Saturday, December 29, 2012

IHCC: Red and Green

Red and green for the holidays. Well the tablecloth is red and the spinach is green.


Actually, red things were hard for me to think of, but the green was easy. Saag Paneer has been on my make-me-sometime list for way too many years. It's a restaurant favorite, although sometimes the paneer can be a tad rubbery. With this week's them, I finally had the excuse I needed to give it a try. I found recipes in a several of Jaffrey's books, but went with the one in World-of-the-East Vegetarian Cooking (p240; the paneer is on p238).

As the red go-with, I chose Red Split Lentils with Cumin from Indian Cooking (p122). Red lentils are strangely mis-named. They're orange when you buy them and a rather unappealing gold color when they're cooked, but they taste good. This is a simple recipe I've made several times before so there was nothing new here.


Making the paneer turned out to be quite simple. You simply bring the whole milk to a boil, remove it from the heat, stir in some lemon juice, and let it sit for 15 minutes. Then you pour the curdled mixture into some cheesecloth and suspend it to drain overnight. (I used butter muslin, and have recently read that it's actually better for the job than what I know as cheesecloth. When I went to top up my stash of cheesecloth last year, not having found any in French shops nearby, butter muslin is what turned up in online UK shopping.) 


The recipe calls for 5 cups of whole milk; I used a liter and adjusted the lemon juice accordingly. It was strange to me that there was almost exactly a liter of whey after the curds were removed. And, actually, not much more liquid came off beyond the whey that originally formed. It could have evaporated, I suppose, but since it's been raining most of the time of late (we're building an ark), I would expect the humidity to be quite high already. The next afternoon the curds were very dry.


Because they were so dry, they didn't really want to hold together all that well, but after being pressed under a cast iron Dutch oven full of water for a couple of hours, the paneer was solid enough to cut up and cook with, although the pieces weren't all that pretty.

The dish itself is easy to make, although I was pleased to have help in stemming all that spinach. I had only about 500g of fresh spinach (rather than 1-1/2 pounds), but that's still a lot. (Next time I might try this with frozen spinach which will make it a really easy dish.) First you brown the paneer, then remove it from the skillet and sprinkle with with salt, garam masala, and cayenne. Using the same oil, you fry a paste of garlic, ginger, and a chile that you've already whizzed up with water. After 30 seconds, you stir in the finely chopped spinach and some salt, cover, and cook slowly for 15 minutes. FInally you add the paneer and some cream, cover, and cook for another 10 minutes. I cut both these times quite a bit short and it didn't hurt a bit.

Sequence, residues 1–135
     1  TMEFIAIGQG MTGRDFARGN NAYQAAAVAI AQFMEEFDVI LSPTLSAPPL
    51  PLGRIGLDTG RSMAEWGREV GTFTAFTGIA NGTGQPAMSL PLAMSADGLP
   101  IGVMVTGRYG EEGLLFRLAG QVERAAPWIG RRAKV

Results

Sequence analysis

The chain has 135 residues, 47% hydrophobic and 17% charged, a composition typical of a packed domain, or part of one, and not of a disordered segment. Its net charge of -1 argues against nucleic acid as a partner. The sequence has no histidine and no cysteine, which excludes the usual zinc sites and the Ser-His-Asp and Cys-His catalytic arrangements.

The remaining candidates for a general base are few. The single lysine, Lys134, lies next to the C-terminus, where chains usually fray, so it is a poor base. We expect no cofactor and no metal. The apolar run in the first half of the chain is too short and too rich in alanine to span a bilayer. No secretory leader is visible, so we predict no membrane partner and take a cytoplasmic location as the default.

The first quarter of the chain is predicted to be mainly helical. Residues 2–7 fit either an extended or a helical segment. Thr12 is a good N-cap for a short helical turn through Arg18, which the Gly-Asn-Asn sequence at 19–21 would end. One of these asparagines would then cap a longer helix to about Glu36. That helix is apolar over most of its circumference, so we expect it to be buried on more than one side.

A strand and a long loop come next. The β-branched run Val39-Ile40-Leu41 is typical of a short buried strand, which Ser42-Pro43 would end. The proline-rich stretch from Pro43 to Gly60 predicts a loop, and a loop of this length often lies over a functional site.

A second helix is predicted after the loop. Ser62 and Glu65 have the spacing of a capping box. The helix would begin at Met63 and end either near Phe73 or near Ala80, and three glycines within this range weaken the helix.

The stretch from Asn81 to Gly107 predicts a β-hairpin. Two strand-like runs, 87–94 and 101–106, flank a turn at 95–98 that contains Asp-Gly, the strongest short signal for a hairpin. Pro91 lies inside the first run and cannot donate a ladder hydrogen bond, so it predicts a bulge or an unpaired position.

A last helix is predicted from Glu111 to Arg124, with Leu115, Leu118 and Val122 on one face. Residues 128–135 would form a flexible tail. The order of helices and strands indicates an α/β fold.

We were both very pleased with the result. Although the paneer was not as pretty as what you might be served in a restaurant, it was definitely tender and tasty.

This post is shared with this week's I Heart Cooking Clubs.

7 comments:

  1. Hi Kaye, I made paneer once too (http://inthekitchenwithbarbara.blogspot.nl/2010/09/saag-paneer.html#more), but since it has no real flavour, I now use feta or halloumi instead. Less palaver and the same effect. But isn't it a wonderful curry? My favourite.

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  2. I'd forgotten your post, Barbara! You're right it doesn't have much flavor, although I'd think feta would be too strong for this. (And I love feta!) Not sure if I've every had halloumi???
    Jaffrey says sometimes people add some ground black pepper and chopped cilantro to the curds before hanging. Guess you'd have to find a way to give it all a stir too.
    I was very glad to find this dish isn't too hard to make, but I thought the paneer was worth the little bit of trouble, just for the texture. Ed though Mozzarella might work, but I wonder if it wouldn't fry up a bit hard???

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  3. Ha, Barbara, I just realized your recipe has you cooking the spinach, then squeezing and chopping, whereas Jaffrey has you chopping, then cooking, and there's no need for any squeezing.
    The one thing about chopping quantities of spinach (and parsley for that matter) is that it ends up all over the kitchen. Even after cleaning up there are still bits attached to odd things. This morning's fun will be discovering all the bits.

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  4. So awesome that you made your own paneer. I think everything looks fantastic!

    Please don't ever worry about following the theme word for word. Our themes are more of a loose concept for the week. We really welcome everyone every week no matter what MJ recipe they chose.

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  5. Homemade paneer! Lovely I have always wanted to try making my own!
    Looks good with the green spinach!
    Happy New Year!

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  6. I've always wanted to try and make homemade paneer - so great you did it!!!

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  7. I've had this dish in Indian restaurants but never made it at home. You've inspired me to try it

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